Ed Rendell doubles down
The former Guv still pays close attention to doings in the Capitol. Here's but the latest example.
Ed Rendell doubles down
Okay, this is one of those little insider items.
It won't surprise you to know Ed Rendell (still) sometimes calls journalists to vent and/or complain.
My call this week starts with the gravelly voice suggesting "you've made a factual error."
I think something self-deprecating such as `well, it wouldn't be the first time,' but all I say is, "Oh, boy, here we go."
He claims a recent blogpost noting his public thrashing of fellow-Democrats who voted against the state transportation bill that passed last week -- including calling out Dems representing parts or all of Montgomery County -- was wrong.
I wrote that of the nine Democratic House members in question, five voted against the bill when it failed (103-98) and four voted for it. Rendell went on KYW radio after that vote and called the casters of "no" votes (his favorite word) "wusses."
The next day, a second House vote led to passage (104-95). I noted the same tally from Montco: the same five voted "no," the same four voted "yes." Nobody changed their vote, namecalling notwithstanding.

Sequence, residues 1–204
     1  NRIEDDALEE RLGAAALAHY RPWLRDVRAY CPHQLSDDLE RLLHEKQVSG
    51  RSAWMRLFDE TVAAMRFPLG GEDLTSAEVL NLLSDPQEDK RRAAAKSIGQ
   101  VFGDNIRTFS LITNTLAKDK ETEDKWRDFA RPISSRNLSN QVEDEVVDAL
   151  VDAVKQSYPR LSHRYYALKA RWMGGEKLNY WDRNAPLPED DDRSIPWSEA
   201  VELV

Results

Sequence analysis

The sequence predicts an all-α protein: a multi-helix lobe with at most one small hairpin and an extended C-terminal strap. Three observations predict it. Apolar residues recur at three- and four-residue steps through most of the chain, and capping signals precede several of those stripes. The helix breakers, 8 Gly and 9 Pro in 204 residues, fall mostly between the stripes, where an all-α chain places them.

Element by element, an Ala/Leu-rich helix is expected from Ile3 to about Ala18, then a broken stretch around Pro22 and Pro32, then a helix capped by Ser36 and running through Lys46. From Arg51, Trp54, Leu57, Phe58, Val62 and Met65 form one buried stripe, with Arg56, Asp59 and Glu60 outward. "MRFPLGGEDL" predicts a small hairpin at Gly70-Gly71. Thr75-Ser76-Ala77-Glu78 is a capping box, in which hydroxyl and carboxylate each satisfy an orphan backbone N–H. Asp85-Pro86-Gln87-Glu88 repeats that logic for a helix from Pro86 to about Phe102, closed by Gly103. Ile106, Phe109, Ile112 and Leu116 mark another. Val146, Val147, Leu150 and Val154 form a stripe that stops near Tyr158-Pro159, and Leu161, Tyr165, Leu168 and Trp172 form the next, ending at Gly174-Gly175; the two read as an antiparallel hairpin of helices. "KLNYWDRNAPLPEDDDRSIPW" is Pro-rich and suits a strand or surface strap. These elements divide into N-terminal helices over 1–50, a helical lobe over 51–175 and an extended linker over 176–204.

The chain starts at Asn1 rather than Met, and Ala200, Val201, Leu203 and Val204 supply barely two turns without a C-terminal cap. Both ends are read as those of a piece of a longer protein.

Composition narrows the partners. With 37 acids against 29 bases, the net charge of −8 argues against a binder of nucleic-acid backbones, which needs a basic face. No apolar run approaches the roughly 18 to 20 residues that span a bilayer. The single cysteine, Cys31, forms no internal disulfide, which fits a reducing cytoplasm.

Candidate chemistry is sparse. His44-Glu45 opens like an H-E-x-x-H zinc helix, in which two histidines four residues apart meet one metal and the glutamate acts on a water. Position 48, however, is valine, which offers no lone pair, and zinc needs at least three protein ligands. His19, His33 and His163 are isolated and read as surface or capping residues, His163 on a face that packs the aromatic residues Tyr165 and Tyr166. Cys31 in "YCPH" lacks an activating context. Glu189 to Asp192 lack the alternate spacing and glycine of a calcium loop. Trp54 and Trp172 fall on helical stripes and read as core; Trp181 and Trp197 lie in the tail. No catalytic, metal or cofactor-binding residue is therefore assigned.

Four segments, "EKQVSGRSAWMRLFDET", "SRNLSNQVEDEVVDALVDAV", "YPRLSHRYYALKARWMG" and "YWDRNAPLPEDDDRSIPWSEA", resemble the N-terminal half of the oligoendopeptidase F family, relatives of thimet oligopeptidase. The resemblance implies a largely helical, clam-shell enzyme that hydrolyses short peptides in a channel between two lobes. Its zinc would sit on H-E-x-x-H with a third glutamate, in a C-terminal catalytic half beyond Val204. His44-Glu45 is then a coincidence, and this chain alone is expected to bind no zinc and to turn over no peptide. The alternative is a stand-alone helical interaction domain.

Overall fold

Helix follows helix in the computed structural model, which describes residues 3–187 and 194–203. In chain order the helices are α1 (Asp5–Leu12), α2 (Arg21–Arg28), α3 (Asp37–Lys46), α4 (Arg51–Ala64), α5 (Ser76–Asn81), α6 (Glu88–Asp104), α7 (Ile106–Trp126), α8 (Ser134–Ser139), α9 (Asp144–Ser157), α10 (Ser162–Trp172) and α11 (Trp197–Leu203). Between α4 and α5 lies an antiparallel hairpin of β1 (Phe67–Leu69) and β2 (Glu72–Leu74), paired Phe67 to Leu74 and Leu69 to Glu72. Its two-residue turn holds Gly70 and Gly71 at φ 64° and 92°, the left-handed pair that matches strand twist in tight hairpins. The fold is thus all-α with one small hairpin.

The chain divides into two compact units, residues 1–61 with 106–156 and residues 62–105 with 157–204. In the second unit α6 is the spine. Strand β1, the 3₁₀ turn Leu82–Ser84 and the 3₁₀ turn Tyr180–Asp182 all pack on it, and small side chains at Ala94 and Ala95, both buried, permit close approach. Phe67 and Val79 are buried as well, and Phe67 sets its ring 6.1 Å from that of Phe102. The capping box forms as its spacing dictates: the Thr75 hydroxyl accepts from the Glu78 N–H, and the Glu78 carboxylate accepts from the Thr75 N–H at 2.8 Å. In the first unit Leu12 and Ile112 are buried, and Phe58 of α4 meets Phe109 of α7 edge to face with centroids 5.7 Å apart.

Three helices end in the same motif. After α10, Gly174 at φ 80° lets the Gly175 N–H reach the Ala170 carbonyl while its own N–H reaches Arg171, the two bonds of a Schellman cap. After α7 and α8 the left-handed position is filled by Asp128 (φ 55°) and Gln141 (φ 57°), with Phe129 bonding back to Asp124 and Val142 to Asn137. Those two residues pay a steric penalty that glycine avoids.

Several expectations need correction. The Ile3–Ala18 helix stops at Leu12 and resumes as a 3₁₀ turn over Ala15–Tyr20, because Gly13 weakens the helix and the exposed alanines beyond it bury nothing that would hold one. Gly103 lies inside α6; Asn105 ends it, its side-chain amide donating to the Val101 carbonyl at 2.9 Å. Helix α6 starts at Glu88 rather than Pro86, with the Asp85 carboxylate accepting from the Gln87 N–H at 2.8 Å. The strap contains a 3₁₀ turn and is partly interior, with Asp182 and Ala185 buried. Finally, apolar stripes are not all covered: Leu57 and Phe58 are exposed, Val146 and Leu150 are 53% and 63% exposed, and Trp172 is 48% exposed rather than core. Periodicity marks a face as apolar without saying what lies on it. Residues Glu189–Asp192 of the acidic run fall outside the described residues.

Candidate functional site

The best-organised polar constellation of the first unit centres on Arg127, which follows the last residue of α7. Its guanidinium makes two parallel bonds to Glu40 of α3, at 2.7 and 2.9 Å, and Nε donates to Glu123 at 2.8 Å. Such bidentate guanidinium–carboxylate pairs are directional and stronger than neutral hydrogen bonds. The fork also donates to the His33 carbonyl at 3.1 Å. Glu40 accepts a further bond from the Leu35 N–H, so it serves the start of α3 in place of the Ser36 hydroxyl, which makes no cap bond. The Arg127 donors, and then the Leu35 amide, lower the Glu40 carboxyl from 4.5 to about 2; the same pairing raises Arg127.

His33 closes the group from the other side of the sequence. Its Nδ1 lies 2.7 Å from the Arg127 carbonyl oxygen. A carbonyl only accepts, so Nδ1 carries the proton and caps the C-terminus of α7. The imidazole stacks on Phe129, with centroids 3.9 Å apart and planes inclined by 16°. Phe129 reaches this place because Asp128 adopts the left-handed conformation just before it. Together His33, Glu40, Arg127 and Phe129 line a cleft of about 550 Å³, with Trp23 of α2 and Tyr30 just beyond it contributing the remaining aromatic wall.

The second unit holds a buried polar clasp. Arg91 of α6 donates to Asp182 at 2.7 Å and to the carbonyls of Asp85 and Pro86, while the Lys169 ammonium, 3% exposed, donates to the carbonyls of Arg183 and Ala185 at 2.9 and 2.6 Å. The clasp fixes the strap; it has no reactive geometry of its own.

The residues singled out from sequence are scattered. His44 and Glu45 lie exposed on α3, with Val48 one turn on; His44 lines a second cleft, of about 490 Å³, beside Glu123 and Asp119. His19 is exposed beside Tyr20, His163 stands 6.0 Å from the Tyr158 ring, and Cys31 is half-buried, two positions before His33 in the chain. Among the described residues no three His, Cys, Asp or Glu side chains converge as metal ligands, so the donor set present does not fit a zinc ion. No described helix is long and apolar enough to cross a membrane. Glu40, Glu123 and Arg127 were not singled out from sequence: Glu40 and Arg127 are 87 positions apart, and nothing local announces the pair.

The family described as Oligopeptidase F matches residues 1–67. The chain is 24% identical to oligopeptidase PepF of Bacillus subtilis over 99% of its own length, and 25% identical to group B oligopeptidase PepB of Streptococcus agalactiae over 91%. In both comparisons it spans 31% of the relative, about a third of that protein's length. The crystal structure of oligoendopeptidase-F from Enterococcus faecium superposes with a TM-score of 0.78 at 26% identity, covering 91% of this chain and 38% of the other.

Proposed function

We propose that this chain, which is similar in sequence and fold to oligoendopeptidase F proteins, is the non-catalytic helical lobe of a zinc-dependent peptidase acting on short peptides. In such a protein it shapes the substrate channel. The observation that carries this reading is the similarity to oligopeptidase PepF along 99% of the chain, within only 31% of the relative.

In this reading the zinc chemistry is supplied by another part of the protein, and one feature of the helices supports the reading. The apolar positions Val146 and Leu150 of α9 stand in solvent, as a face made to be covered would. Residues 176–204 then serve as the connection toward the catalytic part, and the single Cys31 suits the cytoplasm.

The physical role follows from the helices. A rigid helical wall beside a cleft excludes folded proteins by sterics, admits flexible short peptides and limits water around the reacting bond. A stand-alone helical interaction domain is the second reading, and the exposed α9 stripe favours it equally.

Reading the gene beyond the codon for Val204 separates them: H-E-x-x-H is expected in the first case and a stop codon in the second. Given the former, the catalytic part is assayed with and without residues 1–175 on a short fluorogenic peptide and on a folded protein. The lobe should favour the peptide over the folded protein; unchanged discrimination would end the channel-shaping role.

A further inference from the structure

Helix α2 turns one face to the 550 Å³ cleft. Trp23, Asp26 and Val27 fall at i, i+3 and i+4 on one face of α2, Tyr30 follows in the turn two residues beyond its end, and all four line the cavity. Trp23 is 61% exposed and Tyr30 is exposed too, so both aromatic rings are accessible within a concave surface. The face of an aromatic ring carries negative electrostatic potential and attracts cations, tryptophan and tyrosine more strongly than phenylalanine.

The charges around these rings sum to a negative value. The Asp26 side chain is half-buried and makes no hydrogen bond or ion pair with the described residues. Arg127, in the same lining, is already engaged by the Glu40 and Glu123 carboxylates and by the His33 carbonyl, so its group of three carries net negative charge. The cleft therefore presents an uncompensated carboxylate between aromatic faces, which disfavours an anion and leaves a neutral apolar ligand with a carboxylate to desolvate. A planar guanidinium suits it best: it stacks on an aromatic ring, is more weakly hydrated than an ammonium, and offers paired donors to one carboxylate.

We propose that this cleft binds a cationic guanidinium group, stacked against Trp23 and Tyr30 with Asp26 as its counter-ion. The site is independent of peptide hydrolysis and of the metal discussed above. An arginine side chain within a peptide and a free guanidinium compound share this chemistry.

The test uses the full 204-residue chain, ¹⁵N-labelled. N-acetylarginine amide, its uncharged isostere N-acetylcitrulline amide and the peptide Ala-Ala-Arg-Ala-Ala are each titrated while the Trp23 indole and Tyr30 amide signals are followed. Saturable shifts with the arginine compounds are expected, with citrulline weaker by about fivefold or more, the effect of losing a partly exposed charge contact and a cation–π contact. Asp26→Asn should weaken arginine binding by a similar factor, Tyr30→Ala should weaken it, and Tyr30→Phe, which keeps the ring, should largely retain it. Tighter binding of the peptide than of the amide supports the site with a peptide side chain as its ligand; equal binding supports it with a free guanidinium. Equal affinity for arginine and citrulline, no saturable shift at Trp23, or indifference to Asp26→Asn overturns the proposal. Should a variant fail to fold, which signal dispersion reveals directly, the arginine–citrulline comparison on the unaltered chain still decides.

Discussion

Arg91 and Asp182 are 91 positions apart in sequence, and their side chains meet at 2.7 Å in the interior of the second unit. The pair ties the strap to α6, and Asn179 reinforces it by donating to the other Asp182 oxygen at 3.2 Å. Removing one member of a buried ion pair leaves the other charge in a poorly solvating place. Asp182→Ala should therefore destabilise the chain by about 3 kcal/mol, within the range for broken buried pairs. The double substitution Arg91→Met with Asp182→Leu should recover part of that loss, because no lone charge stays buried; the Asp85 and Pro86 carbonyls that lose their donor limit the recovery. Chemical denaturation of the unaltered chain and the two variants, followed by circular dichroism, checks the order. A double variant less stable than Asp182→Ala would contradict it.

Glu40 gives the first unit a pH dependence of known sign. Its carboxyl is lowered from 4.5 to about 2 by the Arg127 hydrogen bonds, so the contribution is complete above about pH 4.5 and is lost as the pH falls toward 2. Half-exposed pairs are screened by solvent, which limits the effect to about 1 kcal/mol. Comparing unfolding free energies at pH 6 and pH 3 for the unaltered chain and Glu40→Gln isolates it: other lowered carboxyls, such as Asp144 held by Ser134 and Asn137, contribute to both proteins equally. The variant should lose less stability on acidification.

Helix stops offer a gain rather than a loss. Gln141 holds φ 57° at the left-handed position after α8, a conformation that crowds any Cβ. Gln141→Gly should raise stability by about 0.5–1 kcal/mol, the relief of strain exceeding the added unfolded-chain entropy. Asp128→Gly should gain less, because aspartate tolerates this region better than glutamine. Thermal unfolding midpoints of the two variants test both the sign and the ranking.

But Rendell argues some DID change their vote eventually, when the House-passed bill came back from the Senate and the House voted to concur. And three did switch from "no" to "yes" at that time.
But by then their votes weren't needed. The vote to concur was 113-85 (102 is needed for passage). Three more "yes" votes from Montco were inconsequentional. The bill was going to pass now with or without them.
But because Ed's never wrong or willing to concede a point, he argues that my "scenario" (his word, I guess, for what actually happened) doesn't take into account that the outcome of the concurrence vote was in doubt, and he knows this because he was working the phones just before that vote.
I stress that my point was the vote-switchers didn't switch after he called them "wusses," they switched only after the bill already passed the House and the Senate and had momentum.
Ed then uses a classic debate tactic. He switches the argument. Well, he says, that makes them "double wusses!"
Says he'd have "more respect" for them (Reps. Matt Braford, Mary Jo Daley, Madeleine Dean) if they stuck to their guns. And he adds he's going to save money and time next year by not contributing to or campaigning for their re-election efforts.
So there you have it: a peek inside Edworld, a world of numbers, "wusses" and, occassionally, "double wusses."